2 Victims of Christmas Plane Crash in South Dakota Have Been Identified

By Miguel Moreno
Miguel Moreno
Miguel Moreno
Reporter
Miguel Moreno is a reporter based in New York City who works for the Epoch Media Group. His main area of focus is breaking news and politics.
December 26, 2018 Updated: December 26, 2018

Two deaths have been confirmed after a plane crashed in Sioux Falls, South Dakota. The plane crashed around 5 p.m. on Dec. 25 in the backyards of some Sioux Falls residents.

Captain Loren McManus of the South Dakota Police Department (SDPD) confirmed the second death on Dec. 26 in an interview with The Epoch Times.

The victims have since been identified as well-known Sioux Falls philanthropist couple Vaughn and JoAnn Meyer, both 68, who were the only two passengers on the plane. The Minnehaha County coroner made the positive identification on Dec. 26, reported AP.

According to public records, Vaughn, a plastic surgeon, was the owner of the 1980 Beechcraft 58P involved in the crash. He was also a licensed pilot, reported the Argus Leader.

The National Transportation Safety Board (NTSB) has been contacted and two of their contracted companies will now work to collect the wreckage, although the collection date is yet to be confirmed. A team of SDPD officers will monitor the wreckage until they receive further instructions from the NTSB.

Ball of Fire on Christmas Day

When Sioux Falls Fire Rescue (SFFR) arrived on the scene, they immediately saw “heavy smoke, intense heat, and flames coming from the backyard of 4209 and 4213 South Birchwood Avenue,” according to the SDPD’s press release on Dec. 26.

Jim Lang, a resident of the neighborhood, described hearing something like an accelerating vehicle running down his block, until he looked outside and saw a yellow ball of fire, reported AP.

“The whole ground just shook … something had crashed; I didn’t know if it was a car … but as we got closer it looked like it was a plane—it looked like a plane that probably crashed in my neighbors backyard.”

Other families like Kimberly Bechtold-Erickson’s were enjoying pie and coffee after their Christmas dinner when they heard the plane’s loud engine approaching.

Still in shock and disbelief after seeing this happen tonight. We were at my dad's house which is about 100 yards from the crash. We heard the plane and looked out dining room window just as the explosion happened. Prayers to the family and many thanks to the first responders. #eastsideplanecrash #planecrash #siouxfalls. https://youtu.be/hjdi3XO94Cc Video credit – Chris Smith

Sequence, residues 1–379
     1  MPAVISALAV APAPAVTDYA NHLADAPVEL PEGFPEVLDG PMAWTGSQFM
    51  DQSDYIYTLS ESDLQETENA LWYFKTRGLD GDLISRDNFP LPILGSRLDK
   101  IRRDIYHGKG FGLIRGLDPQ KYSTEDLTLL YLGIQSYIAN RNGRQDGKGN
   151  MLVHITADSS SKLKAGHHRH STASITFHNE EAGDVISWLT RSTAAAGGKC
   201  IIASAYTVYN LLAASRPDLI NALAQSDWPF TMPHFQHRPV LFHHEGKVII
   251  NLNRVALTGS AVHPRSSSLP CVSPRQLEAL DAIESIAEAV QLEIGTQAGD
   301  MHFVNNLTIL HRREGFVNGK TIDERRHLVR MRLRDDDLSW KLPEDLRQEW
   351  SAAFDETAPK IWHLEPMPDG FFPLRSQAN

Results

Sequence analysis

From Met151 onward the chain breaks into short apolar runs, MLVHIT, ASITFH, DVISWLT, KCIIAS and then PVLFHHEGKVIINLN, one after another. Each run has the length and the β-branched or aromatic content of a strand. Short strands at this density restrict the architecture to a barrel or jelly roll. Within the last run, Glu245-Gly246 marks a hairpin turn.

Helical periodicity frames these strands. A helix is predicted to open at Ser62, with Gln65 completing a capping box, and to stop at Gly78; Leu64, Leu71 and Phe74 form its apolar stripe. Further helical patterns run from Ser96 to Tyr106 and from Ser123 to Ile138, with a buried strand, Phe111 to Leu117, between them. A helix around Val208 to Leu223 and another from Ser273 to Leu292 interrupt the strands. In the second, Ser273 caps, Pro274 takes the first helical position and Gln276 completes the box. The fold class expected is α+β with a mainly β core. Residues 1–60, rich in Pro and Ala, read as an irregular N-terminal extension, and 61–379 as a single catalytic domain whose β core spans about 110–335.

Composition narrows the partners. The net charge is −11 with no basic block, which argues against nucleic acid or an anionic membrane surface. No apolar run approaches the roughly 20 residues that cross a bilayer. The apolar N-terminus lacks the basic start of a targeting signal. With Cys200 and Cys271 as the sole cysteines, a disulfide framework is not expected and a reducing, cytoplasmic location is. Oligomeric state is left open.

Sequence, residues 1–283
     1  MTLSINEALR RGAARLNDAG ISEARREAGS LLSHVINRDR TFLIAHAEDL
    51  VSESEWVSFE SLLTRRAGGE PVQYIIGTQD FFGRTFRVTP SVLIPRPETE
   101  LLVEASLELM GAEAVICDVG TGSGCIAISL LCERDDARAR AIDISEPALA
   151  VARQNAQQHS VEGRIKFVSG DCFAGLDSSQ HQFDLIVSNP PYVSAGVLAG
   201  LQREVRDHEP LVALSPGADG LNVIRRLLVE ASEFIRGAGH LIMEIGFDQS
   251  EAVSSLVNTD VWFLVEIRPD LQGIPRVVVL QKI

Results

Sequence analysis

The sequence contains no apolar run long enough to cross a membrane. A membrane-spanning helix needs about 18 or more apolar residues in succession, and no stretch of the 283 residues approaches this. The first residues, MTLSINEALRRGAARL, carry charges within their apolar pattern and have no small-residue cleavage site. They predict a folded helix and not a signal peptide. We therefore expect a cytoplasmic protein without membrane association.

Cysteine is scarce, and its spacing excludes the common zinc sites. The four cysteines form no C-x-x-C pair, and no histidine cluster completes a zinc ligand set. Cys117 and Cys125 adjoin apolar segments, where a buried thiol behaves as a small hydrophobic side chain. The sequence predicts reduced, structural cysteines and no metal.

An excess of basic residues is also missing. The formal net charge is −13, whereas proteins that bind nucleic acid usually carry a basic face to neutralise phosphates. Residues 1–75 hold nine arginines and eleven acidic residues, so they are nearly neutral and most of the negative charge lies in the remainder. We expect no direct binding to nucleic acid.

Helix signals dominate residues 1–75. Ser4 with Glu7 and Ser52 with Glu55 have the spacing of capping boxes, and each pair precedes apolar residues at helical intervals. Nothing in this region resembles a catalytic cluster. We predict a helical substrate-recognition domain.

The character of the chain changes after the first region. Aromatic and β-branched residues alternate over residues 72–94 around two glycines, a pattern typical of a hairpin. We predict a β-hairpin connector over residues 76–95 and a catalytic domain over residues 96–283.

Kimberly Bechtold-Erickson 发布于 2018年12月25日周二

“Just at that time, we felt the house shake and heard a loud explosion and the entire view from the window was filled [with] flames from a fireball,” Bechtold-Erickson said in an interview with The Epoch Times.

After hearing the loud crash, some family members thought it sounded like a plane nose-diving but Kimberly didn’t expect that this was really what had happened. Unsure of what the explosion meant for their neighbors, the family immediately ran outside to see if anyone needed help.

“It was a very sad day and a Christmas that we won’t ever forget,” she said.

Damage from the Crash

The SFFR were able to quickly contain the most intense parts of the fire and then started to make their way into four properties on which the plane had landed to evacuate any people still inside. Fortunately, the families in all the affected homes were able to escape immediately.

Both homes 4209 and 4213 sustained some structural damage, and light to moderate fire damage but no bystanders or firefighters were hurt during the incident.

The next morning on Dec. 26, McManus said that the two families of the homes that sustained structural damage have yet to return to their respective property.

This is the second fatal plane crash this year in South Dakota.

A Cessna airplane crash occurred on Nov. 2 in Bradly, South Dakota—about 2 hours away from Sioux Falls. Only the plane’s operator, John Shoemaker, 47, was killed in that crash, according to The Rapid City Journal.

The airplane crashed nose-first into a farm area and caused a post-crash fire, according to the NTSB. A witness near the crash site described the noise as “an airplane that seemed to climb and descend twice, followed by a loud noise.”

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Miguel Moreno
Miguel Moreno is a reporter based in New York City who works for the Epoch Media Group. His main area of focus is breaking news and politics.